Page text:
In recent weeks, governments and industries around the world have been mobilizing in their fight against COVID-19. If there is one thing people get behind, is that war may eliminate a foe, but viruses can eliminate everybody. Nobody wants that. So, even arch-rival automakers have united behind the purpose of doing what they can to help humanity survive the onslaught of what is now a global pandemic.
Laying down of hostilities
To fight COVID-19, Ford, GM, Tesla, and other production giants have turned their ability to manufacture and pivoted to creating things that can help humanity survive, such as breathing masks, face shields, ventilators, respirators, and a list of medical equipment goes on and on. Right now, the auto giants are not in a war against each other. Instead, they are united in an all-out war against COVID-19. Today, Ford announced some progress in that war.
Manufacturing pivots take time
Shifts in production take time. For example, it is not just a matter of putting in new software into a machine and hitting the green, go button. The program must first be created. Then the programming must be validated, and the necessary equipment recalibrated for its new purpose. Then test runs can be performed to make sure everything is within expected tolerances. Finally, production can begin. That’s a rough break down of the process if machines are involved. What if the new process involves teaching humans how to handcraft things as well?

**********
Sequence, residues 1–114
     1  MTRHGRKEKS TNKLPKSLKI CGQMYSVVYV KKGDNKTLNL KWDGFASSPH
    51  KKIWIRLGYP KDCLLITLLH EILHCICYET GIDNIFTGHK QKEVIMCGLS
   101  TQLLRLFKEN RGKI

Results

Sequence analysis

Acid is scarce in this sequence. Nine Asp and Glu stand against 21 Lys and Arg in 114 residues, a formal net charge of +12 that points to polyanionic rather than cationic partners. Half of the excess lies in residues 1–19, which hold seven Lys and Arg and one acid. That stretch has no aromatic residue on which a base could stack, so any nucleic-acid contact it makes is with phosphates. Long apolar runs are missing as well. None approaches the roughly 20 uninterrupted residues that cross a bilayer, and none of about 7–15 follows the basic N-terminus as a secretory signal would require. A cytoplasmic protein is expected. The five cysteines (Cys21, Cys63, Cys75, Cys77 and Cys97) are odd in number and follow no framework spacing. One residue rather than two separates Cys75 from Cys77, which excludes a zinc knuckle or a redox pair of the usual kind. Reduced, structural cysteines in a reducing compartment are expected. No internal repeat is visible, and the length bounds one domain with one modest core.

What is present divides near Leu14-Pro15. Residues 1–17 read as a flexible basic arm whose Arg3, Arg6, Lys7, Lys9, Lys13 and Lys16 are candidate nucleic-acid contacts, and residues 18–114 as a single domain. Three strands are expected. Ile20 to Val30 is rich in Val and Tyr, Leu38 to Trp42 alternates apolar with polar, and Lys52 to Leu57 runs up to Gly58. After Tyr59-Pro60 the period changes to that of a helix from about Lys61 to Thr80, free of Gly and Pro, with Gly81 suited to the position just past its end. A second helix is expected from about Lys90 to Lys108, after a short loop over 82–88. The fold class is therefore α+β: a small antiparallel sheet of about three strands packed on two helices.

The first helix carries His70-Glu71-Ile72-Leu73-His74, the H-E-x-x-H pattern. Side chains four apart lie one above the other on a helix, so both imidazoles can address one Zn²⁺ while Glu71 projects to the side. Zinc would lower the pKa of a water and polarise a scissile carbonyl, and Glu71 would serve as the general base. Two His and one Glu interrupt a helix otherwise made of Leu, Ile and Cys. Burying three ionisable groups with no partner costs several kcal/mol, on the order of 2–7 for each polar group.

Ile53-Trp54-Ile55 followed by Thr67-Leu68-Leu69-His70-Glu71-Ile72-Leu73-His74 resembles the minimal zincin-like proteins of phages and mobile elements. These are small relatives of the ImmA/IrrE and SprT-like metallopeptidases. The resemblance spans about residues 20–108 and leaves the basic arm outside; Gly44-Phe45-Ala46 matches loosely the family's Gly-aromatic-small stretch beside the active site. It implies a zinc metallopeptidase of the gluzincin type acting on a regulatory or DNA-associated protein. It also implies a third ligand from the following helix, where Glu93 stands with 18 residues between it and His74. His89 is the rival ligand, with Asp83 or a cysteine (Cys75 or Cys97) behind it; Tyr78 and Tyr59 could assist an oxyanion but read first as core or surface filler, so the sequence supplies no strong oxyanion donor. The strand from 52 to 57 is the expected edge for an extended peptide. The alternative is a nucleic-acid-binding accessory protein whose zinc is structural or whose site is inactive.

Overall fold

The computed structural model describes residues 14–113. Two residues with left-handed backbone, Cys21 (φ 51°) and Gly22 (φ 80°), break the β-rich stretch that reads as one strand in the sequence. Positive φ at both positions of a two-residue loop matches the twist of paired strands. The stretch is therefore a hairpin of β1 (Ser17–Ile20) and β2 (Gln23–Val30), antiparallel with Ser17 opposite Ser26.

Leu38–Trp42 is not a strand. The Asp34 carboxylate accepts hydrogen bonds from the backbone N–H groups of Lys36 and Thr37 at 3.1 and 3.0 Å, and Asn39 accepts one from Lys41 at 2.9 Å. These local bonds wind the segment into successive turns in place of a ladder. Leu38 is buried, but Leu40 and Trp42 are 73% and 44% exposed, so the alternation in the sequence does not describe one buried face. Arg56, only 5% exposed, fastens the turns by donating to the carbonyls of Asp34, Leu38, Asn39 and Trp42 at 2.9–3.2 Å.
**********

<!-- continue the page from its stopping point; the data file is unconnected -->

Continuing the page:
Someone who knows
The Detroit Free Press recently interviewed a gentleman who understands all the time that is consumed in setting things up when making such a switch.
“This is one of the greatest crises to threaten humanity in my lifetime,” said Adrian Price, director of global core engineering for vehicle manufacturing, a lead on Ford’s COVID-19 task force. “In times of crisis, it is incumbent upon every citizen to do what they can — whether it’s stay at home and socially isolate or leverage skills in different ways and help.”
“These front line defenders, they go into war every day with only a mask as their shield and intubation pipes as their sword. They are the real heroes,” said Price, who usually overhauls auto plants to accommodate different manufacturing processes. “We are here to support them.”
“Hopefully we’re making a difference,” Price said.”
The Good News
Today there was good news that comes from all that labor. Over on their twitter account, Ford posted that they had produced and delivered 1,012,756 face shields for COVID-19 first responders. That is over one million shields that are already in service. What is even more amazing, that is after only having committed to effort a short two weeks ago.
The story does not end there either. Ford is committed to getting as many face shields created and shipped until the COVID-19 is no longer a drain on the normal medical supply chain. They are currently manufacturing 200,000 disposable face shields per day, building a new one every 10 seconds.
In the battle against COVID-19 our front line workers are facing great peril against their bodies, their schedules, and their personal relationships. It is good to know that when the United State’s industrial might gets summoned to serve our nation, as it has with this pandemic, that it can still respond with all the tenacity needed to fight a war and protect those heroes. To all manufacturers that have agreed to pivot their production toward needed medical equipment, we thank you. I thank you.